We test the sound quality of the boards with the loopback test of Rightmark Audio Analyzer. Do note: this means we test the quality of both the input and output of the on-board sound cards simultaneously. The 'weakest link' determines the result.
The dynamic range and noise level test are very comparable and show nearly identical results. The dynamic range test measures the different in volume between the loudest and softest observable signal, the noise level test measures the difference between the loudest sound and the noise level.
To put the numbers in perspective: the highest dynamic range c.q. noise level theoretically possible with 16 bit sound is 96 dB. 99.9% of the sound you listen to on your PC (CDs, MP3s, YouTube, games,...) is 16 bit and the graphs proof that the hardware is no bottleneck in almost all cases. We can only achieve the higher scores by testing with 24 bit audio. By the way, we can't imagine someone actually able to distinguish between 91 dB and 100 dB signal/noise ratio.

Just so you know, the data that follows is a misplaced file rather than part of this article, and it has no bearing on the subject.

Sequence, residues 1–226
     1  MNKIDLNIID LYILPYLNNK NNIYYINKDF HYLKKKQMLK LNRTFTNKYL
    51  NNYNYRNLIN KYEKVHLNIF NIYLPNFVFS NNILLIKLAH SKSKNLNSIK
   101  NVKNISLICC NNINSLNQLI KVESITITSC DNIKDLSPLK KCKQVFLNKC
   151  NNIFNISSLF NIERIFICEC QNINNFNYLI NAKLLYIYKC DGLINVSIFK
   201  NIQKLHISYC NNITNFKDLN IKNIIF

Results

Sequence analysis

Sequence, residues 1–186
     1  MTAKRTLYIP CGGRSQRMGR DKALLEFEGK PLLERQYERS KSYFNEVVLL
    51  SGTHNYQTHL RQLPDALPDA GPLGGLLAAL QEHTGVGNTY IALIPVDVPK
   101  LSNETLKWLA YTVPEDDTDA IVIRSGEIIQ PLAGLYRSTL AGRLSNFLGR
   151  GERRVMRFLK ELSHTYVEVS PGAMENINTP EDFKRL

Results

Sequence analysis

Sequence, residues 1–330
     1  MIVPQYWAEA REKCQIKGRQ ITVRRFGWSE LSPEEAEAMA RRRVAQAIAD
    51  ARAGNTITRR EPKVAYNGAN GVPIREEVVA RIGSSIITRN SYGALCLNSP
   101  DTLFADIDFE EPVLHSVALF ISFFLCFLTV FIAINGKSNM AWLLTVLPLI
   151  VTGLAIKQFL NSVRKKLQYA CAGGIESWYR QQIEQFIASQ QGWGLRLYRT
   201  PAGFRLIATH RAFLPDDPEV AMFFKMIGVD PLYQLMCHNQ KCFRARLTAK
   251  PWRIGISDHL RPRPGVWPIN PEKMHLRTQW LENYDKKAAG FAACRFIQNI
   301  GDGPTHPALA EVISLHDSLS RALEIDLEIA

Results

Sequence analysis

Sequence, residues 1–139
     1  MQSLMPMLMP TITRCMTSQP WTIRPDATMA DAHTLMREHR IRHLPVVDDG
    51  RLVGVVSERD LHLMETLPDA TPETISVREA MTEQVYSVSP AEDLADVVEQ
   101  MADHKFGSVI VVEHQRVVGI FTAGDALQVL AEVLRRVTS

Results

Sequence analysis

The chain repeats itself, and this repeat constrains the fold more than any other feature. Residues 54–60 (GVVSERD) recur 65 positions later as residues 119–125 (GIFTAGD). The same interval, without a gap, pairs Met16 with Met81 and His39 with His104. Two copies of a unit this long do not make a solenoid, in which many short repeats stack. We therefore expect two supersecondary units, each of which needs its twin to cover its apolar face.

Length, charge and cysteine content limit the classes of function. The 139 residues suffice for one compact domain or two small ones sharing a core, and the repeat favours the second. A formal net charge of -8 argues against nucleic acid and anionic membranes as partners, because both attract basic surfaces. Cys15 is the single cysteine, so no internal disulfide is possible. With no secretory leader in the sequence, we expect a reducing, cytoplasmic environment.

The ASRock Fatal1ty Z270 Gaming-ITX/ac is not the best board in terms of audio quality, nevertheless its results are much better compared the best you could get a couple of months ago.
The stereo crosstalk tests to which extent sound from one channel (left or right) resounds on the other channel.
Lastly we measured the total harmonic distortion, the average distortion in the frequency domain, using RMAA. The differences seem big, but we're pretty much looking at the difference between excellent and more than excellent.